The Good We’ve Done So Far:

Riddled with Arrows Journal was launched this year in order to fulfill a unique niche in the literary landscape: we exclusively publish writing about writing.  That is to say, our interest is in metafiction, metapoetry and writing that celebrates the process and product of writing as art. No other literary magazine on the scene today serves this genre—in fact, many markets actively discourage writing about writing.  With Riddles with Arrows, we aim to provide a safe haven for poetry about poetry and prose about prose. More than this, we seek to compile a body of literature that flies in the face of this arbitrary prohibition against Writing writing.

Thanks in part to the generous support of our friends and fans, we were able to produce three gorgeous issues in 2017 (plus one forthcoming), featuring award-winning authors and never-before published wordsmiths, genre writers rubbing elbows with literary literati, weird fiction romancing ars poetica, inspirational illustrations, and interactive hypertext—everything we’d set out to do and more.  We nominated for the Pushcart and other prizes, and earned recognition as one of Duotrope’s fastest-responding literary markets.

Riddled with Arrows was also designed  to be a writer-friendly market, and we remain committed to that goal.  As such, we:

  • never charge for submissions
  • offer at least a token payment to all contributors
  • encourage simultaneous submissions and reprint submissions
  • require no period of exclusivity after publication

How your contribution could help:

In 2018 we hope to produce at least three more issues of Riddles with Arrows, including both themed and open issues as well as a summer contest with cash prizes. We want to expand our non-fiction offerings with lyrical essays, weird scholarship, and other I-don’t-know-what-to-call-this artifacts.  We have plans for a virtual library, a blog, and more hypertext hijincks—goals which can be made all the more meta-tastic with contributions from our literary friends and family.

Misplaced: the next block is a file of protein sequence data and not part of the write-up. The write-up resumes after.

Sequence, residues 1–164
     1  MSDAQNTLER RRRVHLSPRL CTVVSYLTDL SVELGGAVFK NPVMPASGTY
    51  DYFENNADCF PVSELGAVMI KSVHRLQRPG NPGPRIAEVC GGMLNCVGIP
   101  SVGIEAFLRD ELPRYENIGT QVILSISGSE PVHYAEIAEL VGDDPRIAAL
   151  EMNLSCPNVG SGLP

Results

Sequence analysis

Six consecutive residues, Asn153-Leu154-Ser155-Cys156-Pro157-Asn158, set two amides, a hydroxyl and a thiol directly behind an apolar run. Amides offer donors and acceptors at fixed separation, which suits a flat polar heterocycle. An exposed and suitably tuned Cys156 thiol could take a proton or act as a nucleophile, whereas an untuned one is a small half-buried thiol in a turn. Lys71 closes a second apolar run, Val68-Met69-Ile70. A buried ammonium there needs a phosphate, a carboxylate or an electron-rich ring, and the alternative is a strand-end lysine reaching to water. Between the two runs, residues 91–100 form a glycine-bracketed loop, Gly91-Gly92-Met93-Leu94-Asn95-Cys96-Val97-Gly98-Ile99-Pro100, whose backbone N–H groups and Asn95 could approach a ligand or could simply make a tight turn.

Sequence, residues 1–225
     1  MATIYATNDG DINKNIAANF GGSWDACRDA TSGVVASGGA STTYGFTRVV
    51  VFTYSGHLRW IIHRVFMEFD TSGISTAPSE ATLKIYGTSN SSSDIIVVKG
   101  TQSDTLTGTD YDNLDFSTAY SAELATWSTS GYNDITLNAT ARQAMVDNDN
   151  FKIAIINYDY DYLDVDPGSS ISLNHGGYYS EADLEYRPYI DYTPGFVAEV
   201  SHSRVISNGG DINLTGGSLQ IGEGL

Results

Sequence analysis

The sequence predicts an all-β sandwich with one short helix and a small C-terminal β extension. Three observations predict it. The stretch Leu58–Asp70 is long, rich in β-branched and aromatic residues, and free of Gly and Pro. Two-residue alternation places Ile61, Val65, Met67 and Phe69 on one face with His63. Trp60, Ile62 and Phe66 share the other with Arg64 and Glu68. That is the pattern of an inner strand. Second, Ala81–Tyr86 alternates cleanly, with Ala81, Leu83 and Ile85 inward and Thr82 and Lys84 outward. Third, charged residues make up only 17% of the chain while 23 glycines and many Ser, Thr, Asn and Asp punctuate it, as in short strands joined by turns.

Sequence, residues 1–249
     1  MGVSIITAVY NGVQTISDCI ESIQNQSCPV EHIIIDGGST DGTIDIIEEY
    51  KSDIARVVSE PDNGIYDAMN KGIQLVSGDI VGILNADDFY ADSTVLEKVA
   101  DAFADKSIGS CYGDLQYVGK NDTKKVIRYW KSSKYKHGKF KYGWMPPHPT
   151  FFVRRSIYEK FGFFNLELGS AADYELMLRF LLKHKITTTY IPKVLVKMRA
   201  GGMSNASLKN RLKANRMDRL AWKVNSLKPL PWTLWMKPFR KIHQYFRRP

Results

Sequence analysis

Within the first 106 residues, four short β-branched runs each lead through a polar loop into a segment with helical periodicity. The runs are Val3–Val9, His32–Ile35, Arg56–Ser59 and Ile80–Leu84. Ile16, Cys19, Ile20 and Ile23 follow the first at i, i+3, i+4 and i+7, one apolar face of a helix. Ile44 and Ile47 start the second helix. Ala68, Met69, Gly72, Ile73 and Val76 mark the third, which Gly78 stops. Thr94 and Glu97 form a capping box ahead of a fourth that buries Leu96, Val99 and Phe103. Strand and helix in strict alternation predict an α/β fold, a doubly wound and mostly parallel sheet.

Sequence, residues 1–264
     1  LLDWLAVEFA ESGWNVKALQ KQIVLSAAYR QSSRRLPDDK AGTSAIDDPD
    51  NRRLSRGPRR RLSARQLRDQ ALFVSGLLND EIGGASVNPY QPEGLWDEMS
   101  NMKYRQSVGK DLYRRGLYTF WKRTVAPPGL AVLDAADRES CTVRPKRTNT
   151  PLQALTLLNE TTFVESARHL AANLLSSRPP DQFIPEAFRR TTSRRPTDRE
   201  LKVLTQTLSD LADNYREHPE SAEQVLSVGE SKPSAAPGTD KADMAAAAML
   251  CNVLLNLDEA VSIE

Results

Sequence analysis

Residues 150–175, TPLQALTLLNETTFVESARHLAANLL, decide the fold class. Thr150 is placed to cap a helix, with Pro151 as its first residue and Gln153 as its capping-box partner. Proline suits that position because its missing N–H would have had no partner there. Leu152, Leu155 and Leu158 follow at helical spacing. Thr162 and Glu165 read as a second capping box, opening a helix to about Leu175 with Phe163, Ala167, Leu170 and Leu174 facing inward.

If you’re a fan of writers and the work we do, we’d be thrilled if you’d consider sharing a few dollars to help us reach our goals.  To find out more, click this link now!

I usually have my hand with me when I go places, and sooner or later I’m bound to look at it. So if I need to remember something really important, that’s where I put it. Note to self: Library! Call Mom! Shadow People! (wait, what?)

The dangers of being forgetful AND having an active imagination, though… The other night I looked down at my hand and saw THIS – with no recollection of having put it there, or why.

proof

So I’m like, Proof… of what?

It was funny, for the first few minuets – but the more I tried to remember what it meant, the more I had NO IDEA. 40 Proof? Proof… of aliens? Proof of life??

I mean, where would YOUR mind go?

After about twenty minutes I remembered – oh, right. I needed to get off my ass and respond to the proof of a poem I have in an upcoming magazine issue.

Which is good, because I was beginning to think it got all MEMENTO up in here.